iOS 13 has finally landed, and with it came a big upgrade for iPad users with a new name: iPadOS. There are a lot of exciting things packed in the new software, but one feature has got productivity nerds on the edge of our seats: mouse and trackpad support.

Using a mouse with the iPad may not be exactly what we were hoping for—it’s an accessibility feature and it feels like it—but it can still make writing, photo editing, and other tasks a little easier if you’re used to performing those tasks on a PC. To enable the feature, make sure you’ve updated to iPadOS 13 and head into Settings > Accessibility > Touch > AssistiveTouch and turn AssistiveTouch on. From there, you can head back to Settings > Bluetooth and pair your mouse like any other Bluetooth device.

Screenshot: Whitson Gordon

Next, temper your expectations: this isn’t going to turn your iPad into a Mac or anything. The cursor is a large circle rather than a small arrow, and the iPad interface still isn’t truly designed with a mouse in mind. Scrolling gestures worked well enough on my Logitech trackpad (albeit not very smoothly), and navigating around a Google Doc worked as well—the cursor even disappeared when not in use (which is nice, given that it’s so huge). But selecting text is a little clunky, since you’re using a cursor with the iPad’s touch-focused selection, and you can’t swipe the trackpad to navigate the home screen. You also have a virtual home button on the screen at all times, since that’s part of AssistiveTouch—though you can increase its transparency from the AssistiveTouch settings if it bugs you.


You can also adjust your mouse’s tracking speed and the cursor’s auto-hide feature from the AssistiveTouch settings, if you like. If you go to AssistiveTouch > Devices, you can even customize what the right-click and other mouse buttons do. You won’t get a desktop-style context menu, but any shortcut customization is a plus in my book.

Screenshot: Whitson Gordon

All told, it’s far from perfect, but I did like it better than using my fingers to get around a document I’m writing, so it’s a nice step in the right direction. Of course, in order to actually use the feature, you’ll need...well, a mouse and keyboard. Not to mention something to stand your iPad up, laptop-style.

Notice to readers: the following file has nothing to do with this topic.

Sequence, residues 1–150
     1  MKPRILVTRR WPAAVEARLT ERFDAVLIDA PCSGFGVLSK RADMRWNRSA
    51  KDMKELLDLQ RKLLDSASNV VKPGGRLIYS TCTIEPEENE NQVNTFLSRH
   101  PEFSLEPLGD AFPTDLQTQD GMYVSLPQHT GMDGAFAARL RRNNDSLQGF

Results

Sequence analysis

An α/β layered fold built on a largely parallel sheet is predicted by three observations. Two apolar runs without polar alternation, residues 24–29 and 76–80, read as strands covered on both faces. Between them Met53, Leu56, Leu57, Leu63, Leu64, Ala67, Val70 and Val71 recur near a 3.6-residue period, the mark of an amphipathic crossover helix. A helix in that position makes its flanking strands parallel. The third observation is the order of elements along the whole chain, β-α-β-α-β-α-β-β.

The holy grail, of course, would be a clamshell case with a keyboard and trackpad built-in. And sadly, there aren’t any on the market designed for the iPad just yet. The Kickstarter-funded Libra looks promising, but it’s still in the production phase. Other companies, like Brydge, have teased renders of potential products, but with nothing to show for it just yet. But in the meantime, there are compromises that may work well enough.

Photo: Brydge

Brydge, for example, makes a fantastic iPad clamshell keyboard case that makes your iPad feel like a MacBook. They also make trackpad-laden models for the Surface Pro, and one redditor says it does work with the iPad Pro despite not being a perfect fit, though we haven’t tested it ourselves—it’s possible you could jury-rig it into place.

If you want something a bit slimmer, both Zagg and Logitech have good folio-style keyboards for different iPad models, too. And all three are better than Apple’s official Smart Keyboard, thanks to their more traditional keys with crisp tactile feedback. Apple’s option may be even thinner, but it’s not worth the sacrifices in my opinion—Zagg and Logitech offer a good balance between a slim size and a keyboard that doesn’t suck to type on.

Of course, all of these keyboard cases will require a separate wireless mouse, so you’ll want to travel with something like the Logitech MX Master 3 or one of your other favorite work mice. (For portability, I’m personally a big fan of the Logitech MX Anywhere—it’s small, affordable, and has the famous Logitech momentum scrolling that I can’t live without.)

Ideally, you’d get something that works over Bluetooth, but technically, iPadOS works with USB mice as well—whether it’s a wired mouse or a wireless mouse with a USB dongle. You’ll just need Apple’s Lightning-to-USB “camera” adapter (or a USB-C adapter, depending on your iPad) to plug it in.

Photo: Amazon

If you prefer a trackpad to a mouse, there are keyboards with built-in trackpads that work, too. I’m personally a fan of the Logitech K830 illuminated Keyboard, which is designed for living room use but works beautifully with my iPad Pro. Other folks report good results with the Jelly Comb foldable pocket keyboard and trackpad combo and the Fintie Ultrathin Bluetooth Keyboard, which are a bit less expensive (and more portable).

If you’re using one of these detached keyboards, you’ll need a separate stand to prop up your iPad—Apple’s official Smart Cover will do just fine, but you can also save a bit of money and go with the ESR Yippee Smart Cover. If you don’t need something portable, an iMac-inspired tablet stand like this one would look fantastic on your desk at home. (You could complete the look with Apple’s official Magic Keyboard, Magic Trackpad, or Magic Mouse, but I prefer the function of other brands to the form of Apple’s accessories. Note that the Magic Trackpad and Mouse aren’t technically supported yet, but many users have gotten them working through the Switch Control accessibility setting. Your mileage may vary!)

At the end of the day, just about any keyboard, mouse, or keyboard-and-trackpad combo should least in theory. If you come across one that doesn’t for some odd reason, you always have Amazon’s great return policy to fall back on. If you’ve been using your newly-updated iPad with a mouse and keyboard, definitely share your setup and how it works for you in the comments below.